A gazelle is any of many antelope species in the genus Gazella or formerly considered to belong to it. Six species are included in two genera, Eudorcas and Nanger, which were formerly considered subgenera. Gazelles are found mostly in the deserts, grasslands, and savannas of Africa; but they are also found in southwest and central Asia and the Indian subcontinent. They tend to live in herds, and eat less coarse, easily digestible plants and leaves.
Gazelles are rather small antelopes, most standing 60–110 cm (2–3.5 ft) high at the shoulder, and are generally fawn-colored.
Currently, the genus Gazella is widely considered to contain about 10 species. Four further species are extinct: the red gazelle, the Arabian gazelle, the Queen of Sheba’s gazelle, and the Saudi gazelle. Most surviving gazelle species are considered threatened to varying degrees. Closely related to the true gazelles are the Tibetan and Mongolian gazelles (species of the genus Procapra), the blackbuck of Asia, and the African springbok.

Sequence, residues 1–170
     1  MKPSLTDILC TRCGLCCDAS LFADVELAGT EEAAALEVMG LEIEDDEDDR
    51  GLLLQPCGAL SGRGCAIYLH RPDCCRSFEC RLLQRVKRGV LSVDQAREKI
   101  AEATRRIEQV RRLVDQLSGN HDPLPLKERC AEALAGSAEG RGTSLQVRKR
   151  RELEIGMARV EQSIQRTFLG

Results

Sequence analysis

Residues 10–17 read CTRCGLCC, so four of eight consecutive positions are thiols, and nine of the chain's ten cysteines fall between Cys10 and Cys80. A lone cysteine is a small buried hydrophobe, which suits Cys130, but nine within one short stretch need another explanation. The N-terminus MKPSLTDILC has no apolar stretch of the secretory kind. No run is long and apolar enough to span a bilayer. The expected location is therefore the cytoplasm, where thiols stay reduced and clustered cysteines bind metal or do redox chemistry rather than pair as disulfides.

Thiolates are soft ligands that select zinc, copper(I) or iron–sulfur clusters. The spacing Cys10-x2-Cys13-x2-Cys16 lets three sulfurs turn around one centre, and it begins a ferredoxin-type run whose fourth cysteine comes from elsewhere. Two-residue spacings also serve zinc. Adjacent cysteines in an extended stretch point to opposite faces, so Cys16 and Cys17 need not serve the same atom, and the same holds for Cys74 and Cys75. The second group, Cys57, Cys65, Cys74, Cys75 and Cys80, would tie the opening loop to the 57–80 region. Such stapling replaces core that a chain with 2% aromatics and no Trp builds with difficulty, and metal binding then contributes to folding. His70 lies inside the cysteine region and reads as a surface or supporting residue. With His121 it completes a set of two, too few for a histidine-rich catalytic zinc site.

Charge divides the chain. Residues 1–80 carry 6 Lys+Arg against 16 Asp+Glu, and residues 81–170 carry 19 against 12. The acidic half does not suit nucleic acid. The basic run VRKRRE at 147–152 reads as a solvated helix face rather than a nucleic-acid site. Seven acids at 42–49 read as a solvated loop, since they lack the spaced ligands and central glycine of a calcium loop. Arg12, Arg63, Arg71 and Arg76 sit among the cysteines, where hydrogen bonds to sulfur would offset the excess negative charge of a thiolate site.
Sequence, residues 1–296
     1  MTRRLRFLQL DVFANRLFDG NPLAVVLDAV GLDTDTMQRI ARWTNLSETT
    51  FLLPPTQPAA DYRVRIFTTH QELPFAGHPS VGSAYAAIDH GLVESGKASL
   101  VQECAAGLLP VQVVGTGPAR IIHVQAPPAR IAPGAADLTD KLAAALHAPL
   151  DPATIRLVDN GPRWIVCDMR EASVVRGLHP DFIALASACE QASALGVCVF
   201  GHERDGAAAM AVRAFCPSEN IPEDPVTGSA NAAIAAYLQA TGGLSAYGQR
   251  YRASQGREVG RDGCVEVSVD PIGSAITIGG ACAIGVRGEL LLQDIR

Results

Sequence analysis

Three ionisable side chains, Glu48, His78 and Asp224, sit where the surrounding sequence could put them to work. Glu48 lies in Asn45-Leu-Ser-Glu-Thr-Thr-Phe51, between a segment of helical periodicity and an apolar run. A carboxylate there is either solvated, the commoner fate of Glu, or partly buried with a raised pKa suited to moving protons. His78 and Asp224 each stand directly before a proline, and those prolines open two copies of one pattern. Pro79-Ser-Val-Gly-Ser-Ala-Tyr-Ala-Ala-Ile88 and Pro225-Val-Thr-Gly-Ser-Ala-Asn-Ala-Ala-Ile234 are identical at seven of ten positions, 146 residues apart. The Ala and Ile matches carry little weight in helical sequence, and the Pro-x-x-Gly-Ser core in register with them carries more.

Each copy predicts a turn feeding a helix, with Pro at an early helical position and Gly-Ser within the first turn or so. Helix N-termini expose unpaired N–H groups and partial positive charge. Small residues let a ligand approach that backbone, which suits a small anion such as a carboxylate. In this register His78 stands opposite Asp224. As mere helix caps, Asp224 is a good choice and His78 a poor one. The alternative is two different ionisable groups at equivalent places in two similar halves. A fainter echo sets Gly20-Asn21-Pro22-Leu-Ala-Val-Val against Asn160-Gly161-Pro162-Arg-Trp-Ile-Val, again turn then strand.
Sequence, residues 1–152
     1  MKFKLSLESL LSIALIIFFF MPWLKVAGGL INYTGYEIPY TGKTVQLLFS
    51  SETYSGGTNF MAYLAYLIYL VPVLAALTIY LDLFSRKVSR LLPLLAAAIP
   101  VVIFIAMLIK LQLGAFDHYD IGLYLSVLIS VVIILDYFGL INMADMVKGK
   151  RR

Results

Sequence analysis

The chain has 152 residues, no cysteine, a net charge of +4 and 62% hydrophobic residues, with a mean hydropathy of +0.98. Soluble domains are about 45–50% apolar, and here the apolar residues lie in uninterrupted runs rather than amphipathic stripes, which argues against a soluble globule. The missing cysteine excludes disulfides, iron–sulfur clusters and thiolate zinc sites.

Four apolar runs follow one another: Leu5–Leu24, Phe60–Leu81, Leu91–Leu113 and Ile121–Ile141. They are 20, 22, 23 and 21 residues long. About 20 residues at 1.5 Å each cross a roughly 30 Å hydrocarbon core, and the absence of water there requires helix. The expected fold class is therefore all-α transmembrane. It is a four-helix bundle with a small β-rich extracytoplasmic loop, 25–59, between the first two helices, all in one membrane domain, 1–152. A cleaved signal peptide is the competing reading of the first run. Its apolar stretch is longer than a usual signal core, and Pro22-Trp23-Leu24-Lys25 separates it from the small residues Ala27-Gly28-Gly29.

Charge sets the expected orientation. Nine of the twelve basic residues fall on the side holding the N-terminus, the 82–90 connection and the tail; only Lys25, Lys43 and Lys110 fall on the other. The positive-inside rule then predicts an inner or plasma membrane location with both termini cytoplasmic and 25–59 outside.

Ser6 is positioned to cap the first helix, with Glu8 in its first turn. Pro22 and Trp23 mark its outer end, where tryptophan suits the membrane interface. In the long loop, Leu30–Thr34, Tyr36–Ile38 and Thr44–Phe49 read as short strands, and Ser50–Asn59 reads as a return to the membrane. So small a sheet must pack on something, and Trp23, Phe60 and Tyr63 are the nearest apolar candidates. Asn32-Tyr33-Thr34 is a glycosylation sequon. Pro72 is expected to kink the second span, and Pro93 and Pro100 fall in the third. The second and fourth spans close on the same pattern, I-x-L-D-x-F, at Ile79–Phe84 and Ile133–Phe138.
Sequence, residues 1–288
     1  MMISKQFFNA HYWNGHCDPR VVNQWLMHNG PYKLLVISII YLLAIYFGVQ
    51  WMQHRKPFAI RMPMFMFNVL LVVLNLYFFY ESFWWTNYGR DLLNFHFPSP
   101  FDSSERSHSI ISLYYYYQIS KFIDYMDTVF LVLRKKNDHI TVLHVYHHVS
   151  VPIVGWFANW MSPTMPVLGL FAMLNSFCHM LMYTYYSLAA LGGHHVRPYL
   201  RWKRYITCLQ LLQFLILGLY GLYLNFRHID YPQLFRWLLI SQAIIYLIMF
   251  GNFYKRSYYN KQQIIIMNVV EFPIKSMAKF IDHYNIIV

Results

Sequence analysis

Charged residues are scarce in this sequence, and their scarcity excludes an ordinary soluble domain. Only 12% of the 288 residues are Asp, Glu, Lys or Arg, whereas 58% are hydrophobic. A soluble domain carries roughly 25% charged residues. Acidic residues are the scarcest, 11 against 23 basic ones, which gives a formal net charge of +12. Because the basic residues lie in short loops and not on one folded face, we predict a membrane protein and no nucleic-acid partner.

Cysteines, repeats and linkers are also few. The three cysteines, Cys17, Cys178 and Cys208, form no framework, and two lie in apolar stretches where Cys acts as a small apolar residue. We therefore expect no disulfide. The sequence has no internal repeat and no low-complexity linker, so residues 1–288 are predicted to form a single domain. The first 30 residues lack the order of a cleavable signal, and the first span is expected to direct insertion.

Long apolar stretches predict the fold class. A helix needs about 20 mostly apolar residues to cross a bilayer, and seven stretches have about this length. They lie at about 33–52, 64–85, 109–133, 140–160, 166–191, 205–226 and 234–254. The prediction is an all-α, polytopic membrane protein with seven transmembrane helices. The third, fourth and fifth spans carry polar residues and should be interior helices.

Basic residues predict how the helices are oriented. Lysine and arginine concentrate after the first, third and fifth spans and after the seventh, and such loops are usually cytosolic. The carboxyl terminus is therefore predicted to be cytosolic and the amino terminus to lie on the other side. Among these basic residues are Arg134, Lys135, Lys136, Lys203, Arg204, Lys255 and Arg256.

One widely familiar gazelle is the African species Thomson’s gazelle (Eudorcas thomsoni), which is around 60 to 80 cm (24 to 31 in) in height at the shoulder and is coloured brown and white with a distinguishing black stripe.
More information on Gazelle can be found on Wikipedia.